Games offering graphics and virtual reality could also springboard learning for kids in new areas. Popular Internet and Apps game Minecraft provides an open platform for building 3-D structures, akin to digital Lego. Players are free to create their own world, using a diverse offering of resources including some rare metals or materials. Kids who play Minecraft are able to engage in design and planning, developing advanced mental visual and spatial skills. The game also comes in social mode where players are able to link online and enter each other’s world, providing opportunities to interact and collaborate. In ‘survival’ mode, kids learn to anticipate potential attack and prepare lines of defense.
At a party, a bunch of kids are gathered but all engaged with their electronic devices. Parents frown, as the kids are not interacting socially as they should. However, the children are actually working together to build a town on Minecraft. Weeks later, the kids still talk about the shared experience and discuss their next adventure. This represents a new way of socialising. Not having any contact with video games may potentially leave a kid excluded.
As information technology and digital media will only grow in importance in the future, it is crucial for kids to pick up the related skills in order to be relevant. This is true for social media skills, as well as developing crucial digital know-how that could lay the groundwork for children to fit in later in life, if not to lead the next technological revolution. Information technology is becoming a core educational subject. Some schools may introduce Minecraft into their curriculum.
The problem is when kids spend too much time on video games. As I heard an educator say at a parents-teachers conference, “I thought Minecraft offers educational value for kids, but not when kids can’t wait to jump straight into it the moment they get on the school bus”. He is exactly right. According to the American Academy of Pediatrics, kids should not spend more than an hour or two per day on video games or other electronic screens including TV. Essentially, this is about balancing time with the other activities – reading and schoolwork, out-door play, family time, social time, meals and rest.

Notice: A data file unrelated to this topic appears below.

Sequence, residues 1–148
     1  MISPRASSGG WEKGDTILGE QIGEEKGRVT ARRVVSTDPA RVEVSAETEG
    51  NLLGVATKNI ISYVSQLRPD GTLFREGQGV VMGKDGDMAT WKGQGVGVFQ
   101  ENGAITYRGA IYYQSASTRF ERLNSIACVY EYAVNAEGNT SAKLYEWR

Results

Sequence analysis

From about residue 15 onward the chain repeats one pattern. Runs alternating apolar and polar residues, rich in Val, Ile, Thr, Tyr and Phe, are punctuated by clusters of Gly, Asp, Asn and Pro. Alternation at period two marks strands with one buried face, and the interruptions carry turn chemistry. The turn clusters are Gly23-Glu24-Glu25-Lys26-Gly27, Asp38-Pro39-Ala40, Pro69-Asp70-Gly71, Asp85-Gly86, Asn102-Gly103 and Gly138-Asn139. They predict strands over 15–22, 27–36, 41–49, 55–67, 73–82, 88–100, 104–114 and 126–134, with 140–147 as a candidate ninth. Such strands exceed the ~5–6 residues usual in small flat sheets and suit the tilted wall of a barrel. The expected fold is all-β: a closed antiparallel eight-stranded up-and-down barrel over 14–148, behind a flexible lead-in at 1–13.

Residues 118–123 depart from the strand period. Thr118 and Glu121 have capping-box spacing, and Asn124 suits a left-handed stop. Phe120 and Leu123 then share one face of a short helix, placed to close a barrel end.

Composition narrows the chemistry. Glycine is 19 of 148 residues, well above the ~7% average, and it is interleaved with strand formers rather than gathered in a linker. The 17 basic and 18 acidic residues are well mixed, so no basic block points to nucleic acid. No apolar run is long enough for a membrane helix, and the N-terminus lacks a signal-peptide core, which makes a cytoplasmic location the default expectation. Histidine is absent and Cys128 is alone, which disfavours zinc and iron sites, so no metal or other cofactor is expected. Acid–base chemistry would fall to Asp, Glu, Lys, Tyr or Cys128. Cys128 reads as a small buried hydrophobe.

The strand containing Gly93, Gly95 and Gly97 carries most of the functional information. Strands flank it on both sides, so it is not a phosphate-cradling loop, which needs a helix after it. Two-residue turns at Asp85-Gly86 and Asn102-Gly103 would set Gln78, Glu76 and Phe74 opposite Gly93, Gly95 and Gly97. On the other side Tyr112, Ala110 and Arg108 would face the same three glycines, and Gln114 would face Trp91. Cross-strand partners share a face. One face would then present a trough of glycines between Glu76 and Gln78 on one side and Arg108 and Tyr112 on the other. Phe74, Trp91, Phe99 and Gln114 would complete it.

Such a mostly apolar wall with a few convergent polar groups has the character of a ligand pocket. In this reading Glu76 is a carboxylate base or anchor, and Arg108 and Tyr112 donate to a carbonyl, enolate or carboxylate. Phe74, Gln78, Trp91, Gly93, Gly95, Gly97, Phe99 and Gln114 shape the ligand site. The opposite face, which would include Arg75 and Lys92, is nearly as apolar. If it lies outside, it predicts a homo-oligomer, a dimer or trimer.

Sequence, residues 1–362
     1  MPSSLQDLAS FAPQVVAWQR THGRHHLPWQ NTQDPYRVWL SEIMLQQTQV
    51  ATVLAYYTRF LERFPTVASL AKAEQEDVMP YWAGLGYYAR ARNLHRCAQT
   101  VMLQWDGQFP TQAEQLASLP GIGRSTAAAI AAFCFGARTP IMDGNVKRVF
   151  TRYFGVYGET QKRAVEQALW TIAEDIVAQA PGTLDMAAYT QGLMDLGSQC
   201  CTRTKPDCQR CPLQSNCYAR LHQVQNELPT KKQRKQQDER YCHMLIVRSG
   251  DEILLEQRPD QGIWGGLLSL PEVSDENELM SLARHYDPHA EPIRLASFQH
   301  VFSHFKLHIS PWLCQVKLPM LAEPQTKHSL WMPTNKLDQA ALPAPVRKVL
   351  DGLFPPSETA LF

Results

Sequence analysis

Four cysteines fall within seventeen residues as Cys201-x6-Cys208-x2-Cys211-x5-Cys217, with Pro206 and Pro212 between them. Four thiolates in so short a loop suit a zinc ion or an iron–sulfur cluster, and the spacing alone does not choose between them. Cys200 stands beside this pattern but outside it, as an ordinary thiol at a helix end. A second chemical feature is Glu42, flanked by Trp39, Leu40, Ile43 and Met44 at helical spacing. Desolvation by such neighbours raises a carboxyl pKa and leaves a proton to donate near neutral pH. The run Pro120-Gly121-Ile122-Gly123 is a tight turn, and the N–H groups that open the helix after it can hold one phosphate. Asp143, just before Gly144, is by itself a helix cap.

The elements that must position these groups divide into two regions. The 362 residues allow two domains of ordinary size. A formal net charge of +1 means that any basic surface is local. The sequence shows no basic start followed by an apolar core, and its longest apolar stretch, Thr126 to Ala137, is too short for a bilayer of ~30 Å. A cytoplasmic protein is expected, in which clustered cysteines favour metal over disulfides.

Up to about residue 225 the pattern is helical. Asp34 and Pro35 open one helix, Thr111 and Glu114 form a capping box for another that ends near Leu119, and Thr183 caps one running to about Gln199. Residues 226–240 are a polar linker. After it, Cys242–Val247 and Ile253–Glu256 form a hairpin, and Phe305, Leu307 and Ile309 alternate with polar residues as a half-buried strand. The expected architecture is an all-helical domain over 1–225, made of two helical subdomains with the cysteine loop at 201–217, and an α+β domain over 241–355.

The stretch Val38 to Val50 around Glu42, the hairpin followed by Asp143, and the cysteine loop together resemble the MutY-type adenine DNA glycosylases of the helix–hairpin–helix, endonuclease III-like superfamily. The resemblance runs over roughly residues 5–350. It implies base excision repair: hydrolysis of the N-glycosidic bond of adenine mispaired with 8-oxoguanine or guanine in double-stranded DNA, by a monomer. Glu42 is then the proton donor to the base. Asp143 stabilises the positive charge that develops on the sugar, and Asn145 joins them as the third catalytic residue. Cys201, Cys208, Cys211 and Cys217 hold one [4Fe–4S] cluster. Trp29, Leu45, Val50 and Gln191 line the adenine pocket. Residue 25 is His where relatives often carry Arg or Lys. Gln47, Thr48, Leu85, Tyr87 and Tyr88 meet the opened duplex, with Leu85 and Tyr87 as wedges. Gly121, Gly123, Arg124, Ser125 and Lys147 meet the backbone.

Parents need to proactively guide kids to tackle potential addiction and inculcate a life-long skill of time management. This is where I shall persist and am determined to prevail over my son. It can be difficult and often painful, but in the same spirit of parents setting appropriate boundaries and instilling proper values, we have a role here to teach our kids priority-setting and responsibility in time use. From determining the form and level of exposure at any given age, to the amount of play time versus other activities, parents need to be thoughtfully involved.
It is key to also communicate with kids about appropriate choice of content and addressing any violence or aggression in video games. The selection process is itself again education and as necessary for video games as it is for books, TV programs, toys or other activities. In the world today there are unfortunately forms of violence in many areas of real life. Besides avoiding exposure, at the same time it is important to help children develop the right mindset on violence that it is wrong.
So, instead of avoiding video games altogether, parents need to set limits and enforce the boundaries, in managing extent of use and age-appropriate content. Forcefully suppressing game play may have its own negative repercussions, whereas complete denial will cut children off a major part of our fast tech-developing society. There could also be risk of backlash – when it might be even harder or impossible to inculcate good values and teach limit-setting when kids eventually get freedom to play outside parents’ control or oversight.
The best way to go is to embrace video games with the right attitude and approach. No pretences, it is to be a challenging but learning experience for both parent and child. I hope we’ll all come out the other end happy, wiser and tech savvy.
Kids’ 2014 Minecraft Fireworks Prep